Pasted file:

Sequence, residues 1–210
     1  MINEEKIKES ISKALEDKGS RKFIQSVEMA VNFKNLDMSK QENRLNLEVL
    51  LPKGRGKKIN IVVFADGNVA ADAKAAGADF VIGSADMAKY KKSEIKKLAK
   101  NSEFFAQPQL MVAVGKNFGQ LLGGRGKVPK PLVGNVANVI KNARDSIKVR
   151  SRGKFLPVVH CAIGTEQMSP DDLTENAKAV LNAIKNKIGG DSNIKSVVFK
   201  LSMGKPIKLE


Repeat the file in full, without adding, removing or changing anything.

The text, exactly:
Sequence, residues 1–210
     1  MINEEKIKES ISKALEDKGS RKFIQSVEMA VNFKNLDMSK QENRLNLEVL
    51  LPKGRGKKIN IVVFADGNVA ADAKAAGADF VIGSADMAKY KKSEIKKLAK
   101  NSEFFAQPQL MVAVGKNFGQ LLGGRGKVPK PLVGNVANVI KNARDSIKVR
   151  SRGKFLPVVH CAIGTEQMSP DDLTENAKAV LNAIKNKIGG DSNIKSVVFK
   201  LSMGKPIKLE